Up to 200 forest fires reported each day as long, hard dry season reduces drought-stricken areas to ashes and dust
The view from what were once some of Vietnam's most stunning mountain vistas are now dark, desolate and smoky.
Over 150 major forest fires have destroyed 1,633 hectares of forest this year, mostly in the northern mountainous provinces of Lao Cai, Lai Chau, Ha Giang and Cao Bang, said Ha Cong Tuan, head of the Forest Protection Department (FPD) under the Ministry of Agriculture and Rural Development.
That is more than 10 times the amount that burned in the first two months of 2008 or 2009, in each of which only 140 hectares were destroyed. Only 1,557 hectares were hit by forest fires in 2009 and 1,500 were destroyed by flames in 2008.
Tuan said up to 200 forest fires were being reported per day in recent weeks.
A satellite image on Tuesday showed four major forest fires raging in An Giang, Dong Thap, and Long An provinces in the Mekong Delta and Gia Lai in the Central Highlands, the lowest number of fires in several days, the agency reported.
Do Thanh Hai, a senior official FPD blamed the fires on a drought that has left Vietnam's north-western provinces with almost no rainfall from October to February.
"Such a long-lasting drought is somewhat strange," Tuoi Tre quoted Hai as saying. "Dry weather and high temperatures are coinciding with the time when farmers burn their fields to prepare for cultivation, which creates a serious risk of forest fires."
The dry season, which normally arrives in November, hit Vietnam's northwestern mountains a month early this year, affecting river flows and agriculture while drying out the region's forests.
Northern Vietnam has experienced a severe drought this winter associated with a strong El Nino, according to Earth Times News. The Red River in Hanoi was measured at its lowest level in more than 100 years this January.
The only bit of good news Tuan had was that he said the fires season in the north was now reaching its peak and the flames were expected to die down by mid-April when the rains come.
The Central Highlands experiences a dry season from April to September, but while the forest fire season has yet to hit the region, several provinces there have reported fires recently.
Two residents were killed while extinguishing a forest fire with park rangers and paramilitary forces in Lai Chau Province over the weekend as nationwide forest fire alerts reached a crescendo expected to last for weeks.
Fire fighters take a break while extinguishing a fire at the Hoang Lien Forest in Lao Cai Province early this month
According to provincial park rangers, 24-year-old Ly Dau Quay was killed by a rockslide March 7 as he fought a fire in a mountainous forest in Ma Ly Pho Commune, Phong Tho District. Vu A Lai, 44, from Than Uyen District was killed in another forest fire on March 9.
On Tuesday, authorities in the southern province of Kien Giang reported that 40 hectares of forest on Phu Quoc Island had been burned by a fire on Monday, raising the total number of forest fires on the island to 13 so far in this dry season.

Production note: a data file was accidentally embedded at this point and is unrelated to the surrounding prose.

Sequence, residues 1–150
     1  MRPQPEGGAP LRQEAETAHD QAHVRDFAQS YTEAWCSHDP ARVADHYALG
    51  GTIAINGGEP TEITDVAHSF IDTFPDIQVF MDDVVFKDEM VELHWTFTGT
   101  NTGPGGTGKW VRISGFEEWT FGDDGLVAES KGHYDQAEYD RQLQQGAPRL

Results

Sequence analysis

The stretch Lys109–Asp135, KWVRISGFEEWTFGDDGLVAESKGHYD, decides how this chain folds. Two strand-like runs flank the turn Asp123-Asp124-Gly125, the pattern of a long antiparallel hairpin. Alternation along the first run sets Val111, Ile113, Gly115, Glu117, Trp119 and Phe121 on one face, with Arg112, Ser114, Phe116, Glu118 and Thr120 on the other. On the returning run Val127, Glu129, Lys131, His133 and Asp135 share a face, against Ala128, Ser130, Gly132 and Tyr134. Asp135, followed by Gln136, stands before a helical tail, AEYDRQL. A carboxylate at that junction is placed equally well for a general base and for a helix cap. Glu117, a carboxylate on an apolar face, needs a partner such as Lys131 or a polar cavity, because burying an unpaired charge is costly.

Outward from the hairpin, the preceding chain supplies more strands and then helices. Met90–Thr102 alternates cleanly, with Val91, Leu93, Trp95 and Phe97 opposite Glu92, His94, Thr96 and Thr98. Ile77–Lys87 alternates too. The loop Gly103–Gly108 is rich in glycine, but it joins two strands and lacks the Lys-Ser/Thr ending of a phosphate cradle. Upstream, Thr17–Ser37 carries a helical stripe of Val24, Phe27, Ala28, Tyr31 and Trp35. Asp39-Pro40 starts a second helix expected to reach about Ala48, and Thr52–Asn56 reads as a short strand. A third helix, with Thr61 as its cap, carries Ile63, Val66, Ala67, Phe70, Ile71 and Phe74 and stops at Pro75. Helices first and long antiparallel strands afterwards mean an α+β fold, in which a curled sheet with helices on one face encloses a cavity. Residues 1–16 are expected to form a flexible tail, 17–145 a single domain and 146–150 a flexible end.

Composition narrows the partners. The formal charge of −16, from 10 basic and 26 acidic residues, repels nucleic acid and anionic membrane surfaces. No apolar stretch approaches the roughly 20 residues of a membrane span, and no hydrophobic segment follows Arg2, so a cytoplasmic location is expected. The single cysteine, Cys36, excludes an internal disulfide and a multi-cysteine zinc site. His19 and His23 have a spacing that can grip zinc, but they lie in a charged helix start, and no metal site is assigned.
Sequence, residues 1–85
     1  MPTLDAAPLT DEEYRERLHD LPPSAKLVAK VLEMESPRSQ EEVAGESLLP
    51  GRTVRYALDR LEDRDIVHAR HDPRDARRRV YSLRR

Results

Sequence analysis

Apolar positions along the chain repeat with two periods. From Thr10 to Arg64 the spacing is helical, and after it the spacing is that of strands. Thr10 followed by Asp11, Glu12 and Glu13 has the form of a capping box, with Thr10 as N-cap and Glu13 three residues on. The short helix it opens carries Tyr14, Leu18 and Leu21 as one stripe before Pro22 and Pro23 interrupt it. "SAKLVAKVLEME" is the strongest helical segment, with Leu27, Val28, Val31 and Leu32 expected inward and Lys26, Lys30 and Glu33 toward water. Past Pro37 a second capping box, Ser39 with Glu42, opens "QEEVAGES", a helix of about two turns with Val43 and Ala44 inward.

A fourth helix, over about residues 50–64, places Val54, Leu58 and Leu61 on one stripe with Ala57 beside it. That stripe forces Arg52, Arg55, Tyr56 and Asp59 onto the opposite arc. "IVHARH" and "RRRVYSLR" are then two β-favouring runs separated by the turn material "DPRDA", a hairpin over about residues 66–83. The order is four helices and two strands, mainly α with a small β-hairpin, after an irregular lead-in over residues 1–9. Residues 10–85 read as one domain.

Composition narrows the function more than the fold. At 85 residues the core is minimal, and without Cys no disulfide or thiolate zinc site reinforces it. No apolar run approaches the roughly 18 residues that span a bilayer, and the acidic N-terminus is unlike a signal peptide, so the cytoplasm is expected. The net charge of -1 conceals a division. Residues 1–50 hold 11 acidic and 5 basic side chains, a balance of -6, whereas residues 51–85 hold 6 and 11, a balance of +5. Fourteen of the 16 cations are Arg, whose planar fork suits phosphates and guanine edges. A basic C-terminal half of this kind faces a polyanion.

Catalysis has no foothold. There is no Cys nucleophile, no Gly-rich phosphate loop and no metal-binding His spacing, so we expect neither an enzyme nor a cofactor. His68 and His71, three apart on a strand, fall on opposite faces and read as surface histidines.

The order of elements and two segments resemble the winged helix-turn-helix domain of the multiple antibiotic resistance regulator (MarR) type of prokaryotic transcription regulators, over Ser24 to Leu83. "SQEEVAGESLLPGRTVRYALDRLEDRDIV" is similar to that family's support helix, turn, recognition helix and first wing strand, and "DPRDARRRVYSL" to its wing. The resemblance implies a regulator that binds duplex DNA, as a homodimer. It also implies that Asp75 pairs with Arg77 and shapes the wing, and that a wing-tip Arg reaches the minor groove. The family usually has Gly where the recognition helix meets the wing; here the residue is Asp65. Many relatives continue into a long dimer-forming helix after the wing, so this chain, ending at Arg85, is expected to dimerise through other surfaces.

Truong Thanh Hao, head of Phu Quoc District Forest Protection Agency, said Phu Quoc losses were the highest ones of protected forest recorded this year. "More than 6,500 hectares of protected forest are now on high fire alert," he added.
Drought has also parched forests and fields in the Mekong Delta.
In the Mekong Delta's Ca Mau Province, a majority of the 40,749- hectare U Minh Ha National Park has been set on high forest fire alert after 1,000 hectares were destroyed in a blaze early this month.
Le Hoang Huong, director of nearby U Minh Thuong National Park, also said the forest had been closed to the public and that employees of local tourism agencies had been called upon to act as temporary forest rangers for extra vigilance against the outbreak of any fire.
Tuan of the Forest Protection Department said a cold spell in the northern provinces early this week had calmed the forest fire threat in the region but the central region and the Central Highlands remained at serious risk of fire, including Gia Lai, Dak Lak, Dak Nong, Nghe An, Quang Binh and Binh Dinh.
Tuan of FPD said several planes and helicopters had been needed to drop water and fire retardants on the Hoang Lien Forest fire early this month. But he said local authorities lacked the funds to hire the aircrafts and that park rangers had mostly been fighting the fires manually.
"Suppressing a forest fire manually is difficult, but it's still effective in mountainous areas," he said.
"Each fire-fighting plane costs up to US$30 million and it would be difficult to invest in them. We should focus on preventive measures and fighting fires on the ground."
He said the agency was implementing a project to improve fire departments and fire alert systems. The project included equipping fire departments with helicopters, but most of the plans focused on rescue missions, he added.
Tuan said mountainous terrain had prevented park rangers from reaching certain fires until 5-10 hours after the blazes broke out.
But he was optimistic about support provided by local residents, who had risen quickly to the task of fighting fires even though they've only been promised VND25,000 ($1.3) a day.
"We mobilized residents to fight the Hoang Lien fire but they have yet to be paid. However, locals are always ready to help. They also gave fire fighters some 7,000 banh chung (squared-shape glutinous rice cake) and other foods. They have also supplied some 2,000 machetes to chop down trees to keep fires from spreading," he said.